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District 225 moves forward with new Common Core State Standards
While the state’s new Common Core standards may mean significant changes for some school districts, Glenbrook High School District 225 has already begun implementing key changes to better align its curriculum with the new standards.
The Common Core State Standards (CCSS) initiative is a state-led effort coordinated by the National Governors Association and the Council of Chief State School Officers in collaboration with educators. These standards, which apply to students in grades K-12, primarily impact math and English/language arts.
“Common Core State Standards were developed to better prepare U.S. students for college and careers and provide consistency in the quality of education across the nation. While this initiative requires changes in our curriculum, the work our teachers have begun will allow for a smooth transition to the new standards,” said Assistant Superintendent for Educational Services Dr. Rosanne Williamson.
During her presentation to the Board on February 11, Williamson explained what these changes would look like at the high school level. For example, in math, the new standards focus on developing students’ conceptual understanding, which prepares a student to apply and adapt mathematical ideas to new situations. There will also be fewer topics to allow for more in-depth learning of important concepts and a new testing structure that moves away from multiple-choice questions.
To align the curriculum with these new standards, math teachers revised and implemented extended response problems this fall that are of greater high-cognitive demand.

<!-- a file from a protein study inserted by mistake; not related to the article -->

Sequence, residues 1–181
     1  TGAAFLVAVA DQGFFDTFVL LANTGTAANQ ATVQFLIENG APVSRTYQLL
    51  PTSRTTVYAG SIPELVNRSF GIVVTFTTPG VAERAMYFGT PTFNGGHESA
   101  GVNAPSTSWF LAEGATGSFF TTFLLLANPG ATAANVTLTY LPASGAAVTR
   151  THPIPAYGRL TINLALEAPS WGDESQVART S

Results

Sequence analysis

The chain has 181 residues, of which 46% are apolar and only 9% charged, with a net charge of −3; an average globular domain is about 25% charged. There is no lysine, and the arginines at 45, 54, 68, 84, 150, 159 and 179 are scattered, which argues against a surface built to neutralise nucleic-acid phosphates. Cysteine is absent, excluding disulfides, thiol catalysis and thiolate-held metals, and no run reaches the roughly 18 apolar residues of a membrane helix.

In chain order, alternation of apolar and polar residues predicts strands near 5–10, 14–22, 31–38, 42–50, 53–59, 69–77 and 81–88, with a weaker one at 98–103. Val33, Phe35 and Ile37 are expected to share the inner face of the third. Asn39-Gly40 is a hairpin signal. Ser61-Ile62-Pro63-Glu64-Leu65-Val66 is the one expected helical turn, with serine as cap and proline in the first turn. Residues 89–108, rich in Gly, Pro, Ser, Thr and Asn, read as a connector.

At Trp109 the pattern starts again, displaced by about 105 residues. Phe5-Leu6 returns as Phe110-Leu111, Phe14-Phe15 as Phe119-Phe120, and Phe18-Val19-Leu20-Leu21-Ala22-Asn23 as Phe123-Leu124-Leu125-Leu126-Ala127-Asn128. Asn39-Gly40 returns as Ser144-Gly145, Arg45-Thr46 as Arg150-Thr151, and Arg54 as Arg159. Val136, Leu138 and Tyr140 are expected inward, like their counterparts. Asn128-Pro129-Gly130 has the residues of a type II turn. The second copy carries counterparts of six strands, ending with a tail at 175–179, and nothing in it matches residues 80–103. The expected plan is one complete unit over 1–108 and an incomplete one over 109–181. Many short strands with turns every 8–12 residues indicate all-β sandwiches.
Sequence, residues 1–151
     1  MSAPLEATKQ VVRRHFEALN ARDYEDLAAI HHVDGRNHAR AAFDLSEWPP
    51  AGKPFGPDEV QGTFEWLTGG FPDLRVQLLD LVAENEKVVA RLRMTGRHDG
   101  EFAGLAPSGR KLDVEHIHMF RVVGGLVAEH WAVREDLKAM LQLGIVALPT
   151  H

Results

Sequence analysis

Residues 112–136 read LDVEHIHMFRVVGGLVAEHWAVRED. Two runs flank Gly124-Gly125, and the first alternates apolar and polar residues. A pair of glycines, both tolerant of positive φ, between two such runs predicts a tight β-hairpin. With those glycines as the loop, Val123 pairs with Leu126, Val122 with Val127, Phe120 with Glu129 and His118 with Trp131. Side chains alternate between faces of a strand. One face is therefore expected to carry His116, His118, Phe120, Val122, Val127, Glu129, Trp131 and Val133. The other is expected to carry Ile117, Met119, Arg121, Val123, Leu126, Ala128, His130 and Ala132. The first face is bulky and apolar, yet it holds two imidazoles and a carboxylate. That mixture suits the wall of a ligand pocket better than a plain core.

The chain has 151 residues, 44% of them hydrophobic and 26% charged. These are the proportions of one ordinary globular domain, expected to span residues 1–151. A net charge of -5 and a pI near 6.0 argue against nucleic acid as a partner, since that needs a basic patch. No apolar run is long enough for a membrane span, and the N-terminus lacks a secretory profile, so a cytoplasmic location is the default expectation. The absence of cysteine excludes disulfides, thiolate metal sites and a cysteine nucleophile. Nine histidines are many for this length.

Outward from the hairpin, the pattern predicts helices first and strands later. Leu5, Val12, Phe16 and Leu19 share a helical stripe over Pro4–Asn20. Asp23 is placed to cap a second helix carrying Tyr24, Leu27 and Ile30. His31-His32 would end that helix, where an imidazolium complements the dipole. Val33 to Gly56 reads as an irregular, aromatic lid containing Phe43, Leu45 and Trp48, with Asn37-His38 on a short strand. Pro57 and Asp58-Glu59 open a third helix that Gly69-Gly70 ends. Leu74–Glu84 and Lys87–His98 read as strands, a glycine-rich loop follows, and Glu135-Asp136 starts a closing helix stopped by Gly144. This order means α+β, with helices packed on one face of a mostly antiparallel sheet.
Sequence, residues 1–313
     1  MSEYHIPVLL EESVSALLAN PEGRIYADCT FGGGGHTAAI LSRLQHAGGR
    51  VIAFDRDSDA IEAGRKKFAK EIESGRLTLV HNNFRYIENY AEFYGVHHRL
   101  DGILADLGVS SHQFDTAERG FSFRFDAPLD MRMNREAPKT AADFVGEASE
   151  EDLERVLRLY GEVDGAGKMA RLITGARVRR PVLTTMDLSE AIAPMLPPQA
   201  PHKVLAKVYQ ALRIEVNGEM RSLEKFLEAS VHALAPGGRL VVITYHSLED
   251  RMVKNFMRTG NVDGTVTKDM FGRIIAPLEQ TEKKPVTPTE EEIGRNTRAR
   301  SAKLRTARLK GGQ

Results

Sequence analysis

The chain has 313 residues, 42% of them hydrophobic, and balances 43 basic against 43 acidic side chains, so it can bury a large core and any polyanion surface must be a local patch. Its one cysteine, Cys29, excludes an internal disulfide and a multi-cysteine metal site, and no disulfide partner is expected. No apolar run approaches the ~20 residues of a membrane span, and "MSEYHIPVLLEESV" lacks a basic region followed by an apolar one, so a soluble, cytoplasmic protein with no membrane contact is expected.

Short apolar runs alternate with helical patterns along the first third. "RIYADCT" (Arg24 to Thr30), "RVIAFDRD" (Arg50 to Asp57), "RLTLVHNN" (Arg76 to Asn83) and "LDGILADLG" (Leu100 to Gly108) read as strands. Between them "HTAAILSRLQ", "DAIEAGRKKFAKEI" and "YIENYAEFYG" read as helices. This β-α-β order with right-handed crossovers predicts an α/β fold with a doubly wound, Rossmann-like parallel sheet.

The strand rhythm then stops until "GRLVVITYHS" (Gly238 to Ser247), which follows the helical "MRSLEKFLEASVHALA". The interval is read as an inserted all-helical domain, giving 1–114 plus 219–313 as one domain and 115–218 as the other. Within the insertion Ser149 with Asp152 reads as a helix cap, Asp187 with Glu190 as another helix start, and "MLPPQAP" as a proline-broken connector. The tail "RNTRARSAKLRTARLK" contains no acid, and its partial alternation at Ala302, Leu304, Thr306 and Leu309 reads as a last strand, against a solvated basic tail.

In English/language arts, the new writing standards focus more on argumentative writing rather than persuasive writing. Additional non-fiction reading material will also supplement core units of study in response to the standards’ call for more non-fiction reading.
Professional development sessions were conducted in 2010 and 2011 for District 225 and sender districts to prepare teachers for these changes. Since then, teachers have reviewed writing standards that focus more on argumentative writing and are currently conducting a “gap analysis” to better bridge 8th and 9th grade writing assignments in light of the new standards.
“District 225 will continue to work collaboratively with sender districts to ensure that the transition from 8th grade to 9th grade remains smooth for our students in spite of these curricular changes,” Williamson said.
New assessments coming in the 2014-15 school year will measure student performance relative to CCSS and determine how effective school districts are in preparing students for college and careers. These assessments are being developed by the Partnership for Assessment for Readiness for College and Careers (PARCC). The new assessments will be administered online to students in grades 9-11.